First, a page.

Avoiding adverse impact with diversity and inclusion recruiting tech

Jeanette Maister March 14, 2019

Let's be honest about potentially the greatest fear people will have on the rise of AI in the talent acquistion function. The fear is this: can we be using advanced tech such as AI to combat bias when the tech is likely to be coded by some white dudes in San Francisco?

The short answer is: yes.

The longer answer is: keep reading, because this is something people are discussing a lot in the trade show, event, conference world. They need to be discussing it. It's important.

Understanding adverse impact

The U.S. Equal Employment Opportunity Commission defines adverse impact as "a substantially different rate of selection in hiring which works to the disadvantage of members of a race, sex or ethnic group."

Oftentimes this is framed up around the 4/5ths, or 80 percent rule: "the selection rate for any group is substantially less (i.e., usually less than 4/5ths or 80%) than the selection rate for the highest group."

Adverse impact is a legal requirement for US employers with 15 or more employees (20 employees for age discrimination cases) to remain compliant with their recruiting.

Obviously it's massively important for organizations to stay compliant in their recruiting practices.

We all also know there's a tendency to throw tech at these issues with the goal of a quick solve. That's a bit trickier with AI. As a rising technology, there are still unethical use cases there that aren't fully fleshed out in talent acquisition. We've long believed that AI, data science, and algorithms can almost wholly eliminate bias in recruiting, but now we're at the point where we need to ask: Is that really true?

What exactly happened with Amazon?

As you may have heard, Amazon had to scrap its secret AI recruiting project. 

The company’s experimental hiring tool used artificial intelligence to give job candidates scores ranging from one to five stars - much like shoppers rate products on Amazon.

“Everyone wanted this holy grail,” said someone working internally on the project. “They literally wanted it to be an engine where I’m going to give you 100 resumes, it will spit out the top five, and we’ll hire those.”

Easily finding quality candidates would be nice, right?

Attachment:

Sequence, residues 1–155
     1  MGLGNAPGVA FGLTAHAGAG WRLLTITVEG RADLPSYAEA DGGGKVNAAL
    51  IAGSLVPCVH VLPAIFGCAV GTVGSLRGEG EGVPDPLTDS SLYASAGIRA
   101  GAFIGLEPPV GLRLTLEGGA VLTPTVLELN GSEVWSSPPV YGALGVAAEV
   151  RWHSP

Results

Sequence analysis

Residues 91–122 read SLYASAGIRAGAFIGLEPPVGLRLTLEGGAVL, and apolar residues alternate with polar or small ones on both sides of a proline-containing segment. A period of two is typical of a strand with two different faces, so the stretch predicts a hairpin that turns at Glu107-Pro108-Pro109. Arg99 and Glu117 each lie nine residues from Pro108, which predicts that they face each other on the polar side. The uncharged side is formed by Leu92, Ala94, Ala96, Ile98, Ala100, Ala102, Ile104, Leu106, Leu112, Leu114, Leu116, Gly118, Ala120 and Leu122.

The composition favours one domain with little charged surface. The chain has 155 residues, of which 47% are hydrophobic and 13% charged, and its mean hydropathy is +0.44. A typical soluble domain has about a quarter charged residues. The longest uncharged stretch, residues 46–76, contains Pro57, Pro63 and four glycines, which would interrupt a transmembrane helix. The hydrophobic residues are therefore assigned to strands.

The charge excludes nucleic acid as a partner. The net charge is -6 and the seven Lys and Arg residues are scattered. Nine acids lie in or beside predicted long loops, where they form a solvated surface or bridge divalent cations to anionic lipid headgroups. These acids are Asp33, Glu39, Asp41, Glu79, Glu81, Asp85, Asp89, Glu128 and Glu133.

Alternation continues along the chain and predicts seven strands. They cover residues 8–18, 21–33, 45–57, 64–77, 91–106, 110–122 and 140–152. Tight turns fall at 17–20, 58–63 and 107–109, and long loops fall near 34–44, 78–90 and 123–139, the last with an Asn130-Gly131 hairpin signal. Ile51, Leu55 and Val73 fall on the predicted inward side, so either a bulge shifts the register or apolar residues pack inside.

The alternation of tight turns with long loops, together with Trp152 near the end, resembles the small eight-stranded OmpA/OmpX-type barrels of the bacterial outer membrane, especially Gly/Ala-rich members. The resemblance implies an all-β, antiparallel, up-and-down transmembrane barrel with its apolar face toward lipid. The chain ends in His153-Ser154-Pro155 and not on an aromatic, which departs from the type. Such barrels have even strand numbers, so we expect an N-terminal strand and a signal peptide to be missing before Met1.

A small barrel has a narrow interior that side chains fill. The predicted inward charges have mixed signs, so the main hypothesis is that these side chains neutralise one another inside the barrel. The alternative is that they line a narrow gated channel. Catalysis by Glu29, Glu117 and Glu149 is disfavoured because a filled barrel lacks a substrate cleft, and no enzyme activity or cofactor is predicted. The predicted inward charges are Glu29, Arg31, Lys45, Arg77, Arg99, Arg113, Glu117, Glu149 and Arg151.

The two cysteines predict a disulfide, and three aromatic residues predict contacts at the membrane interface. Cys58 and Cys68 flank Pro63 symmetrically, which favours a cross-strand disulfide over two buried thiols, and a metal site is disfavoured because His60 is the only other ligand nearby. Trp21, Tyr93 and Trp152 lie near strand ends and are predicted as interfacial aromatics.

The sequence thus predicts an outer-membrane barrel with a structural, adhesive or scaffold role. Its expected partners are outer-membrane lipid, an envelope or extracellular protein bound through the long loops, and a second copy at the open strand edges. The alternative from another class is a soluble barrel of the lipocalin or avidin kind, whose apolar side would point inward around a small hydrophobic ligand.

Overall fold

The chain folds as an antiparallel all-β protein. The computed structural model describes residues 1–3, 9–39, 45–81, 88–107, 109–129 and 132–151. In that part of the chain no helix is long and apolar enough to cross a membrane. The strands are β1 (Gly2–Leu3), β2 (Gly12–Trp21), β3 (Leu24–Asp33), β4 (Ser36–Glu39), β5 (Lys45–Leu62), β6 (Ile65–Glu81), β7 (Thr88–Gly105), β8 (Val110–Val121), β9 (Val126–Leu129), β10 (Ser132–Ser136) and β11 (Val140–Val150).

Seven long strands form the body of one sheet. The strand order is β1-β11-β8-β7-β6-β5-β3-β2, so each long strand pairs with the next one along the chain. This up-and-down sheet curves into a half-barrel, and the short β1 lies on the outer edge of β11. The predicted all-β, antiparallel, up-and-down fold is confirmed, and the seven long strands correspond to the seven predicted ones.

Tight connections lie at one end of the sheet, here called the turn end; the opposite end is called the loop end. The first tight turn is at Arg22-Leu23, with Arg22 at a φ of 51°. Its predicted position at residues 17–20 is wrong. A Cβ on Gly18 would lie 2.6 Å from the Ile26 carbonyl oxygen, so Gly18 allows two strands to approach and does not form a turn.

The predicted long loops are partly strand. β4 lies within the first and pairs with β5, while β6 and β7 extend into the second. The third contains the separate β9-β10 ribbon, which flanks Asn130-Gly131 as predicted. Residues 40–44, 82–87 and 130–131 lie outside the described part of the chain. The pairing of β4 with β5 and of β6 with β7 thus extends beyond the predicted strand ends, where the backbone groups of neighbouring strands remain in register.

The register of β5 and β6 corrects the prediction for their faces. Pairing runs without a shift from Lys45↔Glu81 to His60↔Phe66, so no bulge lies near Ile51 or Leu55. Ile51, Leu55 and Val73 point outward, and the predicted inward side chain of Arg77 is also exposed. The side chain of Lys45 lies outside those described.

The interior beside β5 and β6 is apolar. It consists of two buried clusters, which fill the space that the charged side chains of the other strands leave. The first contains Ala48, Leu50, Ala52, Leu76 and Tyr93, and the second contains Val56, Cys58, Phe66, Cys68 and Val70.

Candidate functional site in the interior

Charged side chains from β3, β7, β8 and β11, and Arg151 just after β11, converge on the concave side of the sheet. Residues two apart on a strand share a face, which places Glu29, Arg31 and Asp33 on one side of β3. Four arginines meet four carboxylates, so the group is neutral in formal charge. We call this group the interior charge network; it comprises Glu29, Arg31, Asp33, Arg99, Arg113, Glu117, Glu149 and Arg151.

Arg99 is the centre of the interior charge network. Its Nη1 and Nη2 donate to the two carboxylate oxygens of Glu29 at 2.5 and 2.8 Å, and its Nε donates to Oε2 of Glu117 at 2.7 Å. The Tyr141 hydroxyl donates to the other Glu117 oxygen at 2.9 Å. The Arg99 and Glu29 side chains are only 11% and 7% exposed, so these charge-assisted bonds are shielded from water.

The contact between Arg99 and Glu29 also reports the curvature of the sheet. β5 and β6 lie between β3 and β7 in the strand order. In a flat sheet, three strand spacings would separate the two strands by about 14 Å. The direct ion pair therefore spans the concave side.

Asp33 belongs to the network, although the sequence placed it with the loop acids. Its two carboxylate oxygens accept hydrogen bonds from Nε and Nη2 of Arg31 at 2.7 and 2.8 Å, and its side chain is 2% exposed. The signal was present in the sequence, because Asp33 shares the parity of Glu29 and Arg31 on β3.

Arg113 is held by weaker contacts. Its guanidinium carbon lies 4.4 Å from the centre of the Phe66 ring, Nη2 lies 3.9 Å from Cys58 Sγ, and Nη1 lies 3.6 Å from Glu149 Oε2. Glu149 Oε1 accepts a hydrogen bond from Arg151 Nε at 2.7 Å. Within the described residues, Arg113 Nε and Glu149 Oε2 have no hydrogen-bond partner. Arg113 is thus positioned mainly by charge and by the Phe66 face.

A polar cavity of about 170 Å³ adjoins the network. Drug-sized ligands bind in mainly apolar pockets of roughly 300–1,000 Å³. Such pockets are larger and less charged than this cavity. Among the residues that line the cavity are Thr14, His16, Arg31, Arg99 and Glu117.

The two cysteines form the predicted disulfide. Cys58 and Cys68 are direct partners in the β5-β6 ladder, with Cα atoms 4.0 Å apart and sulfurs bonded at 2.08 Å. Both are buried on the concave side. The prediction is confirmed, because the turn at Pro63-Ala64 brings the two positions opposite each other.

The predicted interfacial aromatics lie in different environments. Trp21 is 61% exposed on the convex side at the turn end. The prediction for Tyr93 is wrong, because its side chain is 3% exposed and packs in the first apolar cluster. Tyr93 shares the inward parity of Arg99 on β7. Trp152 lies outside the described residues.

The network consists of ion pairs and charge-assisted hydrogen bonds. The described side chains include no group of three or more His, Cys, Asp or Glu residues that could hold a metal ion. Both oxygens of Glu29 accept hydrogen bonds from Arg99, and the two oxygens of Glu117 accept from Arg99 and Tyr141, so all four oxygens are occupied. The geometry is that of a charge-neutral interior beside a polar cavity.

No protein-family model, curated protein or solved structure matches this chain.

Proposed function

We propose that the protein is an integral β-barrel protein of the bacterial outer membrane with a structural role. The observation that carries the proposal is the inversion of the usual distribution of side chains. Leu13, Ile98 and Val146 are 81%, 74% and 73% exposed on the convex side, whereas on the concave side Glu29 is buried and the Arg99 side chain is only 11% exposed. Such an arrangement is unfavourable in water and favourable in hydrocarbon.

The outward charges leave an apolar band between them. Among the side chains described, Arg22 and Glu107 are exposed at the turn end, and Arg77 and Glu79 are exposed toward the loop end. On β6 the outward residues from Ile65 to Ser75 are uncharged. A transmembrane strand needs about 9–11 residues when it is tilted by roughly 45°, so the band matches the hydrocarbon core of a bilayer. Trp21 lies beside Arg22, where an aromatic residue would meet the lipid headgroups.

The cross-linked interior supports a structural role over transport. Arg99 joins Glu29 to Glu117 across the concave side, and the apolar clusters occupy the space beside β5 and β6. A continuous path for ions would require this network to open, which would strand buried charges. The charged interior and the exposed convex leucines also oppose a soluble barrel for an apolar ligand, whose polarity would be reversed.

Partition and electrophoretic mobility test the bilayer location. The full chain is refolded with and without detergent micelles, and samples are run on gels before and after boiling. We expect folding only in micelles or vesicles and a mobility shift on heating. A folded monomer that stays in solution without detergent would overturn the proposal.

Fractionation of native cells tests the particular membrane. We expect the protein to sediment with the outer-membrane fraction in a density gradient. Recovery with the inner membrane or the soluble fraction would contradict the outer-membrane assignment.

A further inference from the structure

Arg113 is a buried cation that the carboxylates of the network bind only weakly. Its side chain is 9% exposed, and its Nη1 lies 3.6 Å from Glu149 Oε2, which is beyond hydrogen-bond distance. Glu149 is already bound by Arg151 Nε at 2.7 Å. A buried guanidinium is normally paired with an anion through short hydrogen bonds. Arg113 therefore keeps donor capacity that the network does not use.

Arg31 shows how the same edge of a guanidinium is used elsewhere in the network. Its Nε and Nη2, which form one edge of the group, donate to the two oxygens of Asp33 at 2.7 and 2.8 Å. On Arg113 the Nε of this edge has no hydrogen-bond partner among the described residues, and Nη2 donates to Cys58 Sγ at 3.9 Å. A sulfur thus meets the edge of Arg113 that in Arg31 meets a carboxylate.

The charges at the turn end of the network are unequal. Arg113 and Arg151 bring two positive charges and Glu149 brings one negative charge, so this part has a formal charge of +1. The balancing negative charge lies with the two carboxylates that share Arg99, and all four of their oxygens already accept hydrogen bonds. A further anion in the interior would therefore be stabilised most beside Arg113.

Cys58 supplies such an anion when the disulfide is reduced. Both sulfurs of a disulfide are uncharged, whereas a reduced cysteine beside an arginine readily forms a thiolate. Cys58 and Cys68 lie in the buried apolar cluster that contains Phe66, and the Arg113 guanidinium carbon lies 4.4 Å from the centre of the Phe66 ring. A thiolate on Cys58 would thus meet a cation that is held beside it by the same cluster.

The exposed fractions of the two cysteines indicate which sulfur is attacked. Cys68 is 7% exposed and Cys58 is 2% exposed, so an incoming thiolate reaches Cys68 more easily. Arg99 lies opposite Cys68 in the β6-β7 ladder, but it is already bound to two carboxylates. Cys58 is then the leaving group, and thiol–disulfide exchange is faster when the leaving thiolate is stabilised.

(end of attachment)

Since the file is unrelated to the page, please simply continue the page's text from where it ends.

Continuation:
But Amazon’s computer models were trained to screen candidates based on patterns in resumes submitted to the company over 10 years. Most came from men, a reflection of male dominance across the tech industry. In essence, then, Amazon’s system taught itself that male candidates were preferable.

It penalized resumes that included the word “women’s,” as in “women’s chess club captain.” And it downgraded graduates of two all-women’s colleges, according to people familiar with the matter.

Clearly, this is a major adverse impact issue from one of the biggest, best-known brands in the world.

It gets a little scary when you consider this stat. CareerBuilder did a survey in 2017 discovering that 55 percent of U.S. hiring managers said AI would be a regular part of their work within the next five years.

Are we heading towards a future we're not in control of, with adverse impact lawsuits left and right?

Thankfully not.

Using recruitment software to minimize adverse impact

One of the great promises of AI is the ability to interact with large data sets better than a human being could.

What AI can do is analyze an organization's historical hiring data and diversity recruitment metrics, and then identify instances of bias related to age, gender, race, education, or previous employer. Now HR professionals can more easily see their blind spots and course-correct in the future - ensuring they are focusing on the quality of hire based purely on core competencies.

AI programs can also analyze sourcing and screening rates for protected classes. It can ignore specific demographics to stay compliant. After the demographics are essentially redacted, AI can test for adverse impact using the 4/5th rule discussed above.

The power of AI is too great to ignore

As Pew Internet live events have been discussing for years, the power of AI for advanced decision-making is too great. We need it in our organizations. The biggest decision many organizations ultimately make is around hiring. After all, it represents your largest amount of money going out, in the form of eventual salaries.

It would stand to reason that being scientific about hiring -- which organizations don't always have a great track record of -- would make a lot of sense to hiring leaders. That logic is fueling the rise of AI (and likely avoiding another "AI Winter").

But yes, there are concerns about bias and adverse impact and we need to keep discussing those possibilities to make sure we avoid them. The tech is getting there, however.

Just last week I spoke at the TATech Leadership Summit on AI & machine learning in talent acquisition and based on the discussion - there's no question it's going to be a force for good in recruiting.

At Oleeo, we're already pretty far along at reducing adverse impact using advanced machine learning tech.

With our Intelligent Selection technology, diversity compliance is built into the product. The playing field is evened out for diverse candidates.

Our customers can proactively limit disparate impact and stay in compliance with established EEOC selection rates. They monitor anonymized data insights on gaps in talent pools and talent pipelines. They focus attraction efforts on candidate relationship management to obtain better representation and diversity hiring, without sacrificing quality of hire.

This is the future: better decisions, more compliant decisions, and less bias in our decisions. It's what all of us in talent acquistion tech should be continually navigating towards.